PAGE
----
Nearly 90% of central banks worldwide are weighing the pros and cons of issuing a central bank digital currency (CBDC) (Boar and Wehrling 2021). The ECB launched the investigation phase for a digital euro project over the summer. No decision has been taken as to whether to issue a digital euro.
One of the aspects the ECB is investigating is whether it would be possible to use the digital euro in cross-border contexts, and under which conditions. Many other central banks are also reflecting on whether they would allow non-residents to access their own digital currency – if they decided to introduce one (CPMI et al. 2021).
Decisions about the issuance and design of CBDCs require a careful assessment of the trade-offs between risks and opportunities (e.g. Agur et al. 2021, Bindseil and Panetta 2020, Brunnermeier and Niepelt 2019, Fernández-Villaverde et al.. 2021, Niepelt 2020, Uhlig and Xie 2021). The international dimension makes that assessment more challenging still. So, it is already worth thinking about the implications of the cross-border use of CBDCs.
This is where research can help policy. The literature on the international aspects of CBDCs is still in its infancy. Two sets of research questions are particularly relevant for global macro-financial policy: What is different about CBDCs? And what are their implications for international central bank cooperation?1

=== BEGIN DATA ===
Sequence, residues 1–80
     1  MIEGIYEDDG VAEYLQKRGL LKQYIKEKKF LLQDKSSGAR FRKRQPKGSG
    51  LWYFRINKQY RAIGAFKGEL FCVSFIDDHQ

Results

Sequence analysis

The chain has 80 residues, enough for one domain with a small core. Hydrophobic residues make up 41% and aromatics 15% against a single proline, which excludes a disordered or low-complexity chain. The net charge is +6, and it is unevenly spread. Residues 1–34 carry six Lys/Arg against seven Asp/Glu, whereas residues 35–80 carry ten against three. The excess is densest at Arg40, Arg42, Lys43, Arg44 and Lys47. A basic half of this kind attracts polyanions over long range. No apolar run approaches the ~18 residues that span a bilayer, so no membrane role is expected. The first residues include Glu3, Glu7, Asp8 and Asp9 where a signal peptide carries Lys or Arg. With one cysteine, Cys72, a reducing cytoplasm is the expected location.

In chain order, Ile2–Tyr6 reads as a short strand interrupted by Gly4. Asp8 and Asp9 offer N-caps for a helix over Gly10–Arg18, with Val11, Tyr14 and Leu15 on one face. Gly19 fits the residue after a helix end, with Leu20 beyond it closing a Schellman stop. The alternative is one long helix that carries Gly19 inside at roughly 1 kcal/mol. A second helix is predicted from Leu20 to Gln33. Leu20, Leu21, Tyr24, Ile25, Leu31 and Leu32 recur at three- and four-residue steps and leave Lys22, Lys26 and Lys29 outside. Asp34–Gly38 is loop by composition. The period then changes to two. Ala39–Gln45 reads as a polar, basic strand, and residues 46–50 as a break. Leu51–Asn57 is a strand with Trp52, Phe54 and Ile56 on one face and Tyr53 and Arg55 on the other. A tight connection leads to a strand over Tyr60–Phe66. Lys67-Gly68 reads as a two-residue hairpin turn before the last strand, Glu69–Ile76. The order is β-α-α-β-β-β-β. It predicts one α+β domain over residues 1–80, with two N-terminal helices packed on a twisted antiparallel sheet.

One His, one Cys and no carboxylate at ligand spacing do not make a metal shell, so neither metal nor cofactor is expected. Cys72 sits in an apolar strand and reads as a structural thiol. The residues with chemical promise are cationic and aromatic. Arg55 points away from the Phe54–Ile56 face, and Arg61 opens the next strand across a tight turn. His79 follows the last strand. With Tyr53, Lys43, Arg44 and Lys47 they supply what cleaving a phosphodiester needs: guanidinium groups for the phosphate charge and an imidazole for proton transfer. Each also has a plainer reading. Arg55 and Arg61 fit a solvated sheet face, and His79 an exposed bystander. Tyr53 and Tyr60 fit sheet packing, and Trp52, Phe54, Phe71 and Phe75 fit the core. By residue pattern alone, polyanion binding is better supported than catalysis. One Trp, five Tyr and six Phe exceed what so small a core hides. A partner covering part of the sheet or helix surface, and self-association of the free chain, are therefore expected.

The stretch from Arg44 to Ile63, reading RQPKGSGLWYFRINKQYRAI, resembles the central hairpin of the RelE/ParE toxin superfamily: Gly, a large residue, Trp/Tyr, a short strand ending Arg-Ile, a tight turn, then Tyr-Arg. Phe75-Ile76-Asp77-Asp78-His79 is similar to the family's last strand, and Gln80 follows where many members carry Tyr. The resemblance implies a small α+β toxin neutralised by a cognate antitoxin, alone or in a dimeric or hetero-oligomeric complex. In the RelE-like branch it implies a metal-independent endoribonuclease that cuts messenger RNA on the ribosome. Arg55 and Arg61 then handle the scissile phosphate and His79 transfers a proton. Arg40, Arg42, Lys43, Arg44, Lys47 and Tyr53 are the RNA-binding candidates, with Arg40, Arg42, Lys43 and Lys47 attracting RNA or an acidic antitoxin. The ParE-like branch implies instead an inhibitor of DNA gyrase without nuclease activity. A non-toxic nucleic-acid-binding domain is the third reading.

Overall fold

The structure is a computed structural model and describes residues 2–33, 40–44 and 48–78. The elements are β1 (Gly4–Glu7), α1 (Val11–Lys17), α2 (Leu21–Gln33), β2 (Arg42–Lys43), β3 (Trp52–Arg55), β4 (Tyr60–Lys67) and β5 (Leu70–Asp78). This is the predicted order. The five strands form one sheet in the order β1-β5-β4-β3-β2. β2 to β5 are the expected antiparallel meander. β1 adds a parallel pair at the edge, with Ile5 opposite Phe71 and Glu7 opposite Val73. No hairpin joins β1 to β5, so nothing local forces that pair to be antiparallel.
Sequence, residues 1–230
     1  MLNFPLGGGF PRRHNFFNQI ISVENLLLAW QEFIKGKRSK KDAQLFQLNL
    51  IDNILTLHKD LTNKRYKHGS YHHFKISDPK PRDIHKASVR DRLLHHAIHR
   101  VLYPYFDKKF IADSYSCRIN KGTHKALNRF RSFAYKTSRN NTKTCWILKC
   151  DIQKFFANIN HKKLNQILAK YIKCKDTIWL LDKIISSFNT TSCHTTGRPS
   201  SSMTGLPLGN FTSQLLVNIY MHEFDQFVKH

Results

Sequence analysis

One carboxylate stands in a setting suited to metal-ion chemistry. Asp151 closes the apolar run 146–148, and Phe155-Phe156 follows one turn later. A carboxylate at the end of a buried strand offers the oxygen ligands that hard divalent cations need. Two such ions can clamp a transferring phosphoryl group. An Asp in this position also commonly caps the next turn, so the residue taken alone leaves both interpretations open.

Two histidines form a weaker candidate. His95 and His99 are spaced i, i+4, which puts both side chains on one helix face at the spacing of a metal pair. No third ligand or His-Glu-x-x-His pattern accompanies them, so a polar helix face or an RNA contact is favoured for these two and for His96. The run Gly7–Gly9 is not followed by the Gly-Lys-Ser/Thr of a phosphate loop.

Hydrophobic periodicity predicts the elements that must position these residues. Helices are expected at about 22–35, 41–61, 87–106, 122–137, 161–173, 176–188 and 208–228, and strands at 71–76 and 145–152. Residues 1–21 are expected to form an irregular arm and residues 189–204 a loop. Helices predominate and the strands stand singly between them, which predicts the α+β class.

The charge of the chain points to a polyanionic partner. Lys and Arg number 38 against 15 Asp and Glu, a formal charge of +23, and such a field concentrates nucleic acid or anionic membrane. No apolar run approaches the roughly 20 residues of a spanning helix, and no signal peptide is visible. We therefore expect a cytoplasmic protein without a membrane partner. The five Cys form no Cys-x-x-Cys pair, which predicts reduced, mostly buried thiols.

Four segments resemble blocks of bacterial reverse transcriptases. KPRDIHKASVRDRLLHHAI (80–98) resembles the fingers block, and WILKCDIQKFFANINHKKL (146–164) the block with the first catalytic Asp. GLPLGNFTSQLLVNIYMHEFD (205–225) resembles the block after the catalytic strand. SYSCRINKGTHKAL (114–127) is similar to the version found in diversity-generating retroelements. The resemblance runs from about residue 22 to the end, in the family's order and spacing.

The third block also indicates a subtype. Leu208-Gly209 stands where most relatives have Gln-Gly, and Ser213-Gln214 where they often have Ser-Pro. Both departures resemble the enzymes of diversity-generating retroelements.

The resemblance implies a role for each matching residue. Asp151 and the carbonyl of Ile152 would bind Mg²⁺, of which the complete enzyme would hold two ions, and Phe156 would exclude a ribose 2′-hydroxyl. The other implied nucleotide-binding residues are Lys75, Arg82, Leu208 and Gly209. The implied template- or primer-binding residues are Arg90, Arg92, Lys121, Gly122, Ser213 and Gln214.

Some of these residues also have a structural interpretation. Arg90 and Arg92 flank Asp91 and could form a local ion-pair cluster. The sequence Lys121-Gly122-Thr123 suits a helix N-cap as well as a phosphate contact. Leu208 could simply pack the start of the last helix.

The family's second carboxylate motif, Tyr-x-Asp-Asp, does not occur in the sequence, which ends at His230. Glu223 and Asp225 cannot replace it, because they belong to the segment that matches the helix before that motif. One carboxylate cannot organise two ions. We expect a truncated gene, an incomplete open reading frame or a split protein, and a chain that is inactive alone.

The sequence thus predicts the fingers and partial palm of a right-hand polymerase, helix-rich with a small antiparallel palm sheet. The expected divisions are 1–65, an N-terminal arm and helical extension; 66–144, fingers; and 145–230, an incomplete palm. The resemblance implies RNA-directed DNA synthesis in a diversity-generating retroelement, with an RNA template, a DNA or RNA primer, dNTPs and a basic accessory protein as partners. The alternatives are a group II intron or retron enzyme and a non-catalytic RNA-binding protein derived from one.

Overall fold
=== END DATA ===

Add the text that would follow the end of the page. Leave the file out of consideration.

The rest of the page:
What we know
Research points to three main implications of allowing non-residents unrestricted access to a given CBDC.
First, a CBDC that can be used outside the jurisdiction where it is issued might increase the risk of digital currency substitution – or digital ‘dollarisation’ (e.g. Brunnermeier et al. 2021). If a foreign CBDC were to be widely adopted, this might lead to the domestic currency losing its function as a medium of exchange, unit of account and store of value – ultimately impairing the effectiveness of domestic monetary policy and raising financial stability risks. These risks are particularly relevant for emerging markets and less developed economies that have unstable currencies and weak fundamentals. Currency substitution could also occur in small advanced economies open to trade and integrated in global value chains (Ikeda 2020). It is hard to gauge in advance how significant the risks of digital currency substitution could be, and in which currencies this substitution could occur. In any case, according to the (unwritten) code of central banking, the introduction of a CDBC in one jurisdiction must do no harm.2 In particular, it must not put the financial system of other jurisdictions at risk.